Israel's ex-prime minister Ehud Olmert was sentenced to six years in jail on Tuesday for taking bribes in a real estate deal, a crime the judge said was akin to treason.
The first criminal conviction of a former Israeli head of government all but ended speculation that Ehud Olmert - a centrist credited internationally with working towards a peace settlement with the Palestinians - might return to political life.
He had denied any wrongdoing in the property deal, approved when he served as Jerusalem's mayor, that led to the construction of the hilltop Holyland apartment towers, a hulking stone complex widely seen as one of the city's worst eyesores.
"A public servant who takes bribes is akin to a traitor," said Judge David Rozen in the Tel Aviv District Court, as he handed down a six-year prison term sought by prosecutors and fined Olmert 1 million shekels ($289,500).
Rozen found Olmert guilty on March 31 of two bribery charges, saying the former prime minister had accepted 500,000 shekels from developers of the Holyland project and 60,000 shekels in a separate real estate deal.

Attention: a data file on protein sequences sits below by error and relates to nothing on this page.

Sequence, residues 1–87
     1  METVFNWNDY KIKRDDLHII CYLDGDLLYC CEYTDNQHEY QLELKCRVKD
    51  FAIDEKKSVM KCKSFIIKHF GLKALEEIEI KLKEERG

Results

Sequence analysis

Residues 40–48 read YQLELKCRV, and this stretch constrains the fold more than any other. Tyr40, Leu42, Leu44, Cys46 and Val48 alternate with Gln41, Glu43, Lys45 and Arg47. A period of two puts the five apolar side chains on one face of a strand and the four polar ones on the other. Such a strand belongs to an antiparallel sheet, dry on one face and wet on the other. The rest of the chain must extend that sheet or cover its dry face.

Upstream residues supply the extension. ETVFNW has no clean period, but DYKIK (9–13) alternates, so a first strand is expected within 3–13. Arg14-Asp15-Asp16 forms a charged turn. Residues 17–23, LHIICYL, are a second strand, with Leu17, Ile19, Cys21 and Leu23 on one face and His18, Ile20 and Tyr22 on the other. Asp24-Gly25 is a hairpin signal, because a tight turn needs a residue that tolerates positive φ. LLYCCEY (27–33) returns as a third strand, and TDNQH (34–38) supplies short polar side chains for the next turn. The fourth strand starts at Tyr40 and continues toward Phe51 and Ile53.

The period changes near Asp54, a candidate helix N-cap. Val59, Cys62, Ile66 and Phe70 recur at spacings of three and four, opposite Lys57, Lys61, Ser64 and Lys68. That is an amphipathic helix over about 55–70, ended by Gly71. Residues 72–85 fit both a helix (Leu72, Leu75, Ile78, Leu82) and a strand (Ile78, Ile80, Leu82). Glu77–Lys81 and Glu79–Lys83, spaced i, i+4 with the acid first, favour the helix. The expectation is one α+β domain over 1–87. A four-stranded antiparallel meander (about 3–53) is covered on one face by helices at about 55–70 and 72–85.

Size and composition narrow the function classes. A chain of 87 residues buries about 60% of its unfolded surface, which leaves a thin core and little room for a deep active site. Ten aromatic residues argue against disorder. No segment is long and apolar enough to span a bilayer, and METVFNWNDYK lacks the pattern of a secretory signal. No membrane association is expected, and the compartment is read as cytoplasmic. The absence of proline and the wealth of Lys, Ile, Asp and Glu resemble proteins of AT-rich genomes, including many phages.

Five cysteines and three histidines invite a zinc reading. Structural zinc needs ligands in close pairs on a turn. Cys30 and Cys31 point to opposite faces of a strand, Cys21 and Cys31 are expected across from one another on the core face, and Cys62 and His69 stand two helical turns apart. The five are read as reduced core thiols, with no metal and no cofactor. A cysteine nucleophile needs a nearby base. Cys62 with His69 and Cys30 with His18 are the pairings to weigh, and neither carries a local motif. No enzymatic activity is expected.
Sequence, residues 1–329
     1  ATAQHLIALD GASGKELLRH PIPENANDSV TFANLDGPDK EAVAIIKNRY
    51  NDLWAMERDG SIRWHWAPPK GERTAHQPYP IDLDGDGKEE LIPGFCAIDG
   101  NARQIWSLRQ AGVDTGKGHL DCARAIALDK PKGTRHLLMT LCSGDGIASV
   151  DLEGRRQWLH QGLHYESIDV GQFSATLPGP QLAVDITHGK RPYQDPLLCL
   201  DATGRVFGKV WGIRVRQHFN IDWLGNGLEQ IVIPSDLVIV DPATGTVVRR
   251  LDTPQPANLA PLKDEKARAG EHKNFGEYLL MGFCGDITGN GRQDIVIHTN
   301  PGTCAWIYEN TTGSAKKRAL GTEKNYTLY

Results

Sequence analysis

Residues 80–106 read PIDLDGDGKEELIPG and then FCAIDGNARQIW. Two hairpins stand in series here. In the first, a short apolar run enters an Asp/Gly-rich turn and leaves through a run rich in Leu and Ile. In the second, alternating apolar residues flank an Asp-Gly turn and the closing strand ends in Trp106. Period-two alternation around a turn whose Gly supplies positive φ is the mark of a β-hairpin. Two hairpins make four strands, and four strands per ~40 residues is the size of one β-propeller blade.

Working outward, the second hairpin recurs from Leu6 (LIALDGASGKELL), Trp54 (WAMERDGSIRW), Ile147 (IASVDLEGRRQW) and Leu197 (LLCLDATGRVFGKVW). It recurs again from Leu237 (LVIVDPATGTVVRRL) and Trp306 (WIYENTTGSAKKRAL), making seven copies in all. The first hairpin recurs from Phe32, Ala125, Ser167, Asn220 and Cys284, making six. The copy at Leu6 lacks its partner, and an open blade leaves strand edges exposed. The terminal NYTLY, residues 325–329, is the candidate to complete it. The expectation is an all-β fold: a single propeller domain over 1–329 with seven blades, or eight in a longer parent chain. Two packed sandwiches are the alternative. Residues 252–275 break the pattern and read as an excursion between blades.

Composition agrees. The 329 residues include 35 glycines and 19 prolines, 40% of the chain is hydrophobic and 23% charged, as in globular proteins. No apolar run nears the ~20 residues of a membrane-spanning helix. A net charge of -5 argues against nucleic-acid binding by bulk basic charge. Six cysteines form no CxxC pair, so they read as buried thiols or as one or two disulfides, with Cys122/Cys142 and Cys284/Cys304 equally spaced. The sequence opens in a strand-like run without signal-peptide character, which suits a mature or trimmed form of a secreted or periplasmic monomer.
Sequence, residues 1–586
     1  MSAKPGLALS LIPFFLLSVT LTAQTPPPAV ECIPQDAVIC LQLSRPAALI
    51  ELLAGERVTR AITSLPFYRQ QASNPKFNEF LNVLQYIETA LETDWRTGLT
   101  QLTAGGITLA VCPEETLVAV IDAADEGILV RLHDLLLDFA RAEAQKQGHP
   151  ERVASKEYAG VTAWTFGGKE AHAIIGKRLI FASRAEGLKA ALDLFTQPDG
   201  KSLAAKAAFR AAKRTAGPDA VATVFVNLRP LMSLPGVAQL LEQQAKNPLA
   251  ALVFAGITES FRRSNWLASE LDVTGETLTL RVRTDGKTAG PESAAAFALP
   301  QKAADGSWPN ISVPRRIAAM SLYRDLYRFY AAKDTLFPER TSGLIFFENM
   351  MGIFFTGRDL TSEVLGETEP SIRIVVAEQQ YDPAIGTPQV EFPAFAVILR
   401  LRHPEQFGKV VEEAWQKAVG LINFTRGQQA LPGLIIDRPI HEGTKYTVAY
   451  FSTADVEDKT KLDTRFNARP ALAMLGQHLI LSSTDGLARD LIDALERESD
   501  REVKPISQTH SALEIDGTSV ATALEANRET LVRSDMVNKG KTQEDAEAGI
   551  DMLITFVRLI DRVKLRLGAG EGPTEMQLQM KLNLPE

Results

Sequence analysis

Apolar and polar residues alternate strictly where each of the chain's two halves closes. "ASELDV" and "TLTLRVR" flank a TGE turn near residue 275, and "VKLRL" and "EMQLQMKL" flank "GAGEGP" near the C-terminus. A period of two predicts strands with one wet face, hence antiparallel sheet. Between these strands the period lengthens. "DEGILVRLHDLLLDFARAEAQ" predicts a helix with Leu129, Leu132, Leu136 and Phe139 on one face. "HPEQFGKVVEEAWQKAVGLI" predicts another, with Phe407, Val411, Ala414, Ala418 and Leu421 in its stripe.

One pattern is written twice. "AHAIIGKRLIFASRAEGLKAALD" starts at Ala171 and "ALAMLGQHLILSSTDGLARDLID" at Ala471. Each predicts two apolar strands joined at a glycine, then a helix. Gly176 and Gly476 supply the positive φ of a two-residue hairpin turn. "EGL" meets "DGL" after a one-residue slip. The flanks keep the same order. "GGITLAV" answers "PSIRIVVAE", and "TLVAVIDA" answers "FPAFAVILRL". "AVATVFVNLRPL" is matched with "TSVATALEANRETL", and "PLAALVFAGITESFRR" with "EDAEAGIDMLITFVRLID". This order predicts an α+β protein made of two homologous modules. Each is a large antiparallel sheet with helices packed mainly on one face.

Olmert, the judge said, devoted most of his time to "praise-worthy" public service - but "also lined his own pockets".
"The accused served as the prime minister of Israel. From this high and honourable post, he reached the position of having been convicted of the most despicable and grave crimes," Rozen said.
Rozen ordered Olmert, 68, to report to prison on Sept. 1, effectively giving his lawyers time to take the case to a higher court and request that he remain free until it rules.
Known as one of the country's most gregarious politicians, Olmert sat largely stony-faced during the court session, and made no comment afterwards.
"He did not take a bribe. He did not receive a bribe. He sees himself as innocent, and it is with those feelings that he will be going to the Supreme Court to appeal," Olmert lawyer Eli Zohar told reporters.
Two years ago, Olmert was acquitted of most of the major charges brought against him in separate cases involving his links to a U.S. businessman.
Those corruption allegations forced Olmert's resignation as prime minister in 2008, and his acquittal had appeared to position him for a possible political comeback.
Olmert has made several criticisms of Prime Minister Benjamin Netanyahu's policies toward the Palestinians, fuelling talk about his future political ambitions.
But the judge said Olmert's crimes entailed "moral turpitude", which under Israeli